Inside Job by Mark William Sephton

Publication Date: November 11, 2014



“Inside Job” is a look at how our inner workings impact our larger world, and how we can better our business sense. Mark Sephton uses both good and bad personal experiences to illustrate business and life lessons.




I first encountered Mark Sephton on a Periscope broadcast hosted by Cornell Thomas last year. In the giddy rush of following everyone in the feed, I encountered Mark Sephton, host of the U.K.-based radio show, Talk Business. In the time since meeting Sephton, I’ve had the pleasure of watching many Periscope and Facebook broadcasts hosted by this radio D.J. I can tell you that Sephton has a firm grasp on business principles and new ideas, or I can encourage you to experience the value he has to offer in the pages of Inside Job  for yourself.

Sephton establishes from the foreward that he is goal driven and willing to face setbacks on the path to success. Seamlessly floating through past and present, Sephton weaves charming, anecdotal stories with lessons learned. The author is a big believer in learning from others and peppers his work with lessons from people he’s interviewed. If you’ve had the pleasure of watching his Periscope’s and Facebook’s live feeds of his radio show, in which he interviews entrepreneurs and business people, you know that Sephton is a keen observer that gets to know his subjects. He shows an early version of his enthusiasm for the secrets of success in a Q & A encounter with Dani Johnson, a faith-based expert in business. A brief moment was all Sephton needed with someone he saw as a leader to build a business lesson and advance his own goals.

Part II is divided into 14-subject-based chapters. Chapter seven is titled “Love Mondays” and especially resonated with this reader. When we see Monday as a problem we are focused on the bad instead of the opportunities the day presents. Focusing on the negative derails us as people, such a simple philosophy, right? Many of Sephton’s lessons are common sense and things we just don’t think about on a conscious level. Success at its basic level involves risk and fear and putting everything on the line. Sephton has taken those chances and fallen on his face, bounced back, and laid out the results for the edification and advancement of his aspiring entrepreneurial readers.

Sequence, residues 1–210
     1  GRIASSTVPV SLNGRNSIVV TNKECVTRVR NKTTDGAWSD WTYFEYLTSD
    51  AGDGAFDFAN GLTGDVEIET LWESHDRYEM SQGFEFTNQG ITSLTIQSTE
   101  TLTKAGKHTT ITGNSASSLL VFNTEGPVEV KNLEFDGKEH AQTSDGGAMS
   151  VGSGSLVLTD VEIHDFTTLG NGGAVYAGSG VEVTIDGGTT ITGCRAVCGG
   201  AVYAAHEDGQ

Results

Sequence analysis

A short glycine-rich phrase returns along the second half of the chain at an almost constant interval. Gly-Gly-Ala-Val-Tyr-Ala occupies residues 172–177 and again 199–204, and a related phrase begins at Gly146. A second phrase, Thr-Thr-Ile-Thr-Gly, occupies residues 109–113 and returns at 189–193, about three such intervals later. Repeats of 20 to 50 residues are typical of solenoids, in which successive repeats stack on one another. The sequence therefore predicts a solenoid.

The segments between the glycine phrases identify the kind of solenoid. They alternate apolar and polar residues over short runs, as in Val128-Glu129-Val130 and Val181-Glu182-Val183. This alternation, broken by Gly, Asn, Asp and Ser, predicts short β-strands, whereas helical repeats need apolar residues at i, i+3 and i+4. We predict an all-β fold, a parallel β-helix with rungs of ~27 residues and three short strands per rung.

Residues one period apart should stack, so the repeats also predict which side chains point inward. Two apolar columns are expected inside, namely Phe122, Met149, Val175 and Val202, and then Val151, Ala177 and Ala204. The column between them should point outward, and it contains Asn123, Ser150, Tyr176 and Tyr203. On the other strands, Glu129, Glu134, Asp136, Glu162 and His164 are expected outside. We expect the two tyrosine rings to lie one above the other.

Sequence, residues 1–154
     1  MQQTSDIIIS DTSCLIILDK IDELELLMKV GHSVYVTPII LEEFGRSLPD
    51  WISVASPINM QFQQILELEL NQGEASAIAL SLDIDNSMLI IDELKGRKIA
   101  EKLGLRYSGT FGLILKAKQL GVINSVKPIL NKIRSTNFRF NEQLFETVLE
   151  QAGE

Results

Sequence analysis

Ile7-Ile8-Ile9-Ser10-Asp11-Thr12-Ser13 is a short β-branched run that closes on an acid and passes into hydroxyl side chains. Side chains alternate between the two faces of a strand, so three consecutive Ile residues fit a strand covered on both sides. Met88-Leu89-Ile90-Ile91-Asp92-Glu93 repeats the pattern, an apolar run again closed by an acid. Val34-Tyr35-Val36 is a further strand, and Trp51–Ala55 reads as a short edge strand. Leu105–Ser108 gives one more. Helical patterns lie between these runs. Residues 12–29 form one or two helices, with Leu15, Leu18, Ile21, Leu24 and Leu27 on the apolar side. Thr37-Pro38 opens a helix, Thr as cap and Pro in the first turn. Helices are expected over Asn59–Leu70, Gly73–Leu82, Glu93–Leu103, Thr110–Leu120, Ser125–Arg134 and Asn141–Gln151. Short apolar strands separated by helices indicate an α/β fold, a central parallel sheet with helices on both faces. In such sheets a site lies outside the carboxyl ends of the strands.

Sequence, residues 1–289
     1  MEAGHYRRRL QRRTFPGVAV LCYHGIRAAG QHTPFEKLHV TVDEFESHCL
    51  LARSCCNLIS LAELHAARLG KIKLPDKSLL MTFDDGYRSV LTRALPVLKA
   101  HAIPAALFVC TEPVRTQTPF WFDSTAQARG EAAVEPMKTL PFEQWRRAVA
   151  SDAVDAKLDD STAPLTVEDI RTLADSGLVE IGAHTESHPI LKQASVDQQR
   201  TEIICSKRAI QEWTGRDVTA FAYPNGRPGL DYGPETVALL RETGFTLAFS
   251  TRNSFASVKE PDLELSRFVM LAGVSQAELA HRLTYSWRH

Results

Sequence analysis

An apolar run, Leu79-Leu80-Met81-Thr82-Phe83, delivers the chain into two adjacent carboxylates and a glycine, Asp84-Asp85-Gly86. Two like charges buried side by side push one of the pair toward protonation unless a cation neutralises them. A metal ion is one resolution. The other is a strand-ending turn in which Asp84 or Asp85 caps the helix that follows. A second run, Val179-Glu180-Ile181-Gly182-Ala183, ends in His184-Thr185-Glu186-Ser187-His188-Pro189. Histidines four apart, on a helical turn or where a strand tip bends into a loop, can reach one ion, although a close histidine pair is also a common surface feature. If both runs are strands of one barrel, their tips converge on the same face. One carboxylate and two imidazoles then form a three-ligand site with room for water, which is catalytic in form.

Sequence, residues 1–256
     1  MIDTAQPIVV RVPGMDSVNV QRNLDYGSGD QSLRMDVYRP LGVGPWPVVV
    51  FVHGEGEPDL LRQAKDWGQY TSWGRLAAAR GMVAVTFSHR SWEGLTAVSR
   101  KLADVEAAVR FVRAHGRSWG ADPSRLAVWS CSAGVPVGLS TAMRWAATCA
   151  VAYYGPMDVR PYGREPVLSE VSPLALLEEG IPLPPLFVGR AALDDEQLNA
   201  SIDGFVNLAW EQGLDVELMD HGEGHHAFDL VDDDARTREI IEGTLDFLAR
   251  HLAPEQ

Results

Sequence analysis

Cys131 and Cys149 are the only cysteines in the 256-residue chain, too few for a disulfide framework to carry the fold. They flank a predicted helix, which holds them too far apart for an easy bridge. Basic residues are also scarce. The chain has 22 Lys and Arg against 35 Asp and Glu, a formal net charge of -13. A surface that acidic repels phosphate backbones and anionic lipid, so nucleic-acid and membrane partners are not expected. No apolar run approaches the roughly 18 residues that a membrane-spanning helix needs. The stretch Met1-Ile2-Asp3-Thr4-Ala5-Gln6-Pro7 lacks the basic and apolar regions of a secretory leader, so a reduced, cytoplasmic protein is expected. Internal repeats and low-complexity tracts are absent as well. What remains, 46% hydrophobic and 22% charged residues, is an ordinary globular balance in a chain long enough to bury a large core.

Readers will leave Inside Job ready to face their challenges head on, knowing that there is someone our there who has been where they are and knows that persistence is key. Sephton advises readers (and illustrates) several times in “Inside Job” that the best thing we can do is surround ourselves with people who bring value to our lives. “Never be the smartest person in the room” is an adage the author quotes in the foreward. Readers will see the wisdom upon finishing Inside Job. Sephton is a man that has figured out the secret to his personal definition of success and one whose advice is worthwhile.

If you’re interested in business or just good stories of personal success, pick Inside Job up today.

Read an excerpt and buy Inside Job by Mark William Sephton on:

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For more information about Mark William Sephton and his work, visit his website. connect with him on Goodreads and Twitter @SephtonMark.


Whilst not a glowing endorsement of the book, this a well written and balanced review.

I could take Mr Sephton more seriously if there weren’t so many examples of plagiarism in his work. Only today I came across a video of his on instagram. He spoke these words: “The moment you have to convince someone of your value is the exact moment you need to walk away.” –Mark Sephton.

Now contrast that with the following…

“The moment you feel like you have to prove your worth to someone is the moment to absolutely and utterly walk away.” – Alysia Harris

There’s no real difference between these quotes, and I would politely suggest that Mr Sephton has simply changed a few words to make it appear as though it’s his own idea.

Is this the behaviour of someone who acts with integrity. If there was just one or two examples of this, then maybe it could be dismissed as a genuine error; however, it is something of a pattern (there are too many examples to list here). Take a look at another example, which he posted only yesterday: “You race is against you. Nobody else.”-Mark Sephton

This statement doesn’t actually make any sense, unless it was meant in the context of ethnicity. Be that as it may, here is the real source of the quote:

“You are not competing with anyone else. You are only competing with yourself to do the best with whatever you have received.” —L. Tom Perry

Yet again, we see another example of Sephton taking someone else’s idea and trying to make it his own. I don’t see a whole lot of honour in this sort of behaviour, and it speaks of someone who is desperate to appear wise, whilst not actually contributing anything in the way of fresh ideas.

That’s just my opinion. There’s no malice, just a genuine observation of certain, shall we say, questionable activity. If he were to reference the source of these quotes, he would at least be acting with some integrity.


Thank you for your comments, George. You certainly have a well illustrated point. I have noticed Mr. Sephton’s tendency to quotes in his broadcasts but had not noticed any instances of plagiarism…which is not to say you’re wrong. If Mr. Sephton has taken sound bite one-liners as his own, they should be credited to the proper source.

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